The Dustbowl Revival is at the forefront of yet another pre-rock ‘n’ roll revival, and don’t mistake this for a fad. Sure, everyone remembers the “Swing revival” of the late ’90s with Squirrel Nut Zippers and Big Bad Voodoo Daddy leading the charge (while Brian Setzer Orchestra cashed the checks). The bands got hot and then got dumped into used CD bins. But, the thing is, there are always going to be artists taken with the sounds and styles of pre-World War II music, an era with pockets no less musically rebellious than our own subcultures, an era of racial and stylistic mingling, and of costumes no less gaudy than those of any glam-era apologist.
Taking inspiration from Louis Armstrong‘s Hot Five and Hot Seven recordings, Fats Waller, and, even, Bob Dylan and the Band’s The Basement Tapes, the Dustbowl Revival were named “Best Live Band” by L.A. Weekly in 2013 and are poised to win a national audience with their fourth album With a Lampshade On.
You may have seen them on your Facebook feed or as Huffington Post clickbait a few weeks back (time, and our collective attention span, does fly) when their video for “Never Had to Go”, featuring Dick Van Dyke and his wife, makeup stylist Arlene Silver, went viral. The Van Dykes were so taken with the band’s music after seeing them open for the Preservation Jazz Hall Band that they invited them into their home to record the video for With a Lampshade On’s first single. “Never Had to Go” is as infectious as Mr. Van Dyke’s fleet footed moves in the video, which has been viewed over two million times on YouTube, and the album’s other 13 cuts, mostly recorded live at the Great American Music Hall in San Francisco and the Troubadour in Los Angeles, comprise an upbeat and stylistically diverse collection performed by a collective at the top of its game.
These revivalists are masters at melding diverse genres and time periods into a danceable stew. One travels from the moors to the bayou to the Blue Ridge in the space of three minutes during their dervish-like performance of “Old Joe Clark”. Follow up “Feels Good” opens with a riff straight out of Velvet Underground’s Loaded before sweeping horns introduce vocalist Liz Beebe’s sassy and commanding vocals. “Hey Baby” features powerhouse horns and call-and-response singing straight out of a Chicago blues house party. “Standing Next to Me” shuffles along with a doo-wop inspired R&B vibe.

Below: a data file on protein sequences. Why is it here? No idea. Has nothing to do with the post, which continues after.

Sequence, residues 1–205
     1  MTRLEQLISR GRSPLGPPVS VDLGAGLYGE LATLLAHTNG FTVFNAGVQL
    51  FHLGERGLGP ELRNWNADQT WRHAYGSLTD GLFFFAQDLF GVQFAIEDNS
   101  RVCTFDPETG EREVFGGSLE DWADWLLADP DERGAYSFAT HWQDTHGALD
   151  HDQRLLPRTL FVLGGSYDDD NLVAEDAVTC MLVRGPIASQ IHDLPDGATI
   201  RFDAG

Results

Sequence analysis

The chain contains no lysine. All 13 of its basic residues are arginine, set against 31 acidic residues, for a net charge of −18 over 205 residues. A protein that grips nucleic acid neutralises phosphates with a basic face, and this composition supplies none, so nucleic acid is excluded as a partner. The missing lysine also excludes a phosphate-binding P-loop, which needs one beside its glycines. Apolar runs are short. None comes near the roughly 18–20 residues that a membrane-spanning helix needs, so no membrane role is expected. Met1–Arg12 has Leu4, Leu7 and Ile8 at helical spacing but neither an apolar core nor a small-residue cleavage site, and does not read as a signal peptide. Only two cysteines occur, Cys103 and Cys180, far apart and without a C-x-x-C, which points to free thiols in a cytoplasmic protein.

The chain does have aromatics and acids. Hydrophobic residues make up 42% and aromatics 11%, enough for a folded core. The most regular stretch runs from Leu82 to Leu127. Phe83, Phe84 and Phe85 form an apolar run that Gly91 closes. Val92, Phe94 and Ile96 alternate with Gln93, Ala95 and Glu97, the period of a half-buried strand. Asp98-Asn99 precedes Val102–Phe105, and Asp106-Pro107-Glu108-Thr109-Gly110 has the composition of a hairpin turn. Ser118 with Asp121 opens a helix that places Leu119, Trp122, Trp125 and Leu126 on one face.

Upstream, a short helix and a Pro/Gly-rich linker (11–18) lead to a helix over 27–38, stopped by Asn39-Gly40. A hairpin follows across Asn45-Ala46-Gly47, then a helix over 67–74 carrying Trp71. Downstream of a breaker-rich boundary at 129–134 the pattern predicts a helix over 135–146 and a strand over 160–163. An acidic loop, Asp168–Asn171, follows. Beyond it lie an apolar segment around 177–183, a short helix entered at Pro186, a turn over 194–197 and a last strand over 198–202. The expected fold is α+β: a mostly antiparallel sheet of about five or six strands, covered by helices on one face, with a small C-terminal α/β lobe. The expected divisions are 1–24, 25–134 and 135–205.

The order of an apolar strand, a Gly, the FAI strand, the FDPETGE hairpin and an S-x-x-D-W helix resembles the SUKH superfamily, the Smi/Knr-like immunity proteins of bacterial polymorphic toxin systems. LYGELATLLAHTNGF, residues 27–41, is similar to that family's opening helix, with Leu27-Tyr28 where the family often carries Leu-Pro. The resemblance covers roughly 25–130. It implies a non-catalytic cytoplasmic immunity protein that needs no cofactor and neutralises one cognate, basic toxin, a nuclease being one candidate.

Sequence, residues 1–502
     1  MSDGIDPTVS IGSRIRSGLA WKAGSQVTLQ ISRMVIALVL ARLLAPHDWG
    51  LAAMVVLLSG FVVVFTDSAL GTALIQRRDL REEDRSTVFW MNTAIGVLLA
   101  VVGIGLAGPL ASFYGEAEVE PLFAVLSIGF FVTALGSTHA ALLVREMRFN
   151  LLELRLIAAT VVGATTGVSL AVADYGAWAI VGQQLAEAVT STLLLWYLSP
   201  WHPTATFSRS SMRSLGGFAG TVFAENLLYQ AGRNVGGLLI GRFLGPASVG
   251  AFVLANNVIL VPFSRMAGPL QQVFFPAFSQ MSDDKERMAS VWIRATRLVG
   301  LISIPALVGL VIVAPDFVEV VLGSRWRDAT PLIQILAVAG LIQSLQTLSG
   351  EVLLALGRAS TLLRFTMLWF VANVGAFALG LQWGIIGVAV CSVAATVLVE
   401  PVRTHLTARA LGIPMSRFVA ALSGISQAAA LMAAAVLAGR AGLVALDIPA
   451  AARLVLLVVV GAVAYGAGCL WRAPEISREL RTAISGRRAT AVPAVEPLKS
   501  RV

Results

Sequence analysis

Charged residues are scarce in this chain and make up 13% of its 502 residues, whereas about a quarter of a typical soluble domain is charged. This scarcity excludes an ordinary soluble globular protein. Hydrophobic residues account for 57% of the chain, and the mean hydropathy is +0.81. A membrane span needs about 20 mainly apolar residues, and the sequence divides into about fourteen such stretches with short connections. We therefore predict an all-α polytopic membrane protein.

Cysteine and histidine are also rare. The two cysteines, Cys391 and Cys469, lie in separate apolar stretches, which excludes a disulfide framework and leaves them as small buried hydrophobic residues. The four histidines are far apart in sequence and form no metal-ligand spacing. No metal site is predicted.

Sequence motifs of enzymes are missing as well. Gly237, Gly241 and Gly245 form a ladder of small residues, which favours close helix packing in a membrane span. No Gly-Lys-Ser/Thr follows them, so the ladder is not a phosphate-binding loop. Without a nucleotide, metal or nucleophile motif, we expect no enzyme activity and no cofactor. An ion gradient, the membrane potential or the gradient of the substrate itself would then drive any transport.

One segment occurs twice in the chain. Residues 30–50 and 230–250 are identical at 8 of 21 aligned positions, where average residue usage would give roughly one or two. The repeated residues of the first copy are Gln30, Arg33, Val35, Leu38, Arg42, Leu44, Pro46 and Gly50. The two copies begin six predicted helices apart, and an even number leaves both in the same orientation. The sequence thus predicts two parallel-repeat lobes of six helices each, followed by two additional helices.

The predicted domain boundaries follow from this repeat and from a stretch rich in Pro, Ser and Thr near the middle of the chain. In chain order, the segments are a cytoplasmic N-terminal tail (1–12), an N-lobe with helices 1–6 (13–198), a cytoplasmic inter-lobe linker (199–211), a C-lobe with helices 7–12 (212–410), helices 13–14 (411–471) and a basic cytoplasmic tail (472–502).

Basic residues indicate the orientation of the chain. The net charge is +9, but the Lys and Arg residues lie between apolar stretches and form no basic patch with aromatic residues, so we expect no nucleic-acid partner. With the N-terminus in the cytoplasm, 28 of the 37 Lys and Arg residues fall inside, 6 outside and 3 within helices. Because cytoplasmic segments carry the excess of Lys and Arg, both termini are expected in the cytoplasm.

The band consists of founder Zach Lupetin on guitar and vocals, Beebe on vocals and washboard, Daniel Mark on mandolin, Connor Vance on fiddle, Matt Rubin and Ulf Bjorlin on trumpet and trombone, James Klopfleisch on bass, and Joshlyn Heffernan on drums. With a Lampshade On gives each member a moment in the spotlight, be it Heffernan’s extended solo on “Ain’t My Fault”, Rubin’s French-cabaret inflected trumpet playing on “Bright Lights”, or Vance’s fiddle reel that opens “Cherokee Shuffle”. Lupetin and Beebe trade off on vocals throughout, each proving an expressive singer. Lupetin’s strong voice is cloaked in bayou brassiness while in Beebe they have a vocalist capable of bluesy sass, chatterbox nightclub swagger, and jazz-chanteuse sweetness. But it’s as a collective that they triumph, playing it loose but tight, the best way to win over a crowd, and they do. Album closer “Whiskey in the Well” is a tour-de-force of a band playing at full-speed, without-a-net joy.
Summer is the perfect time for this upbeat and foot-stomping album’s release. Dim the lights, put the drinks on ice, and press play: with With a Lampshade On, the Dustbowl Revival promises to be the life of the party.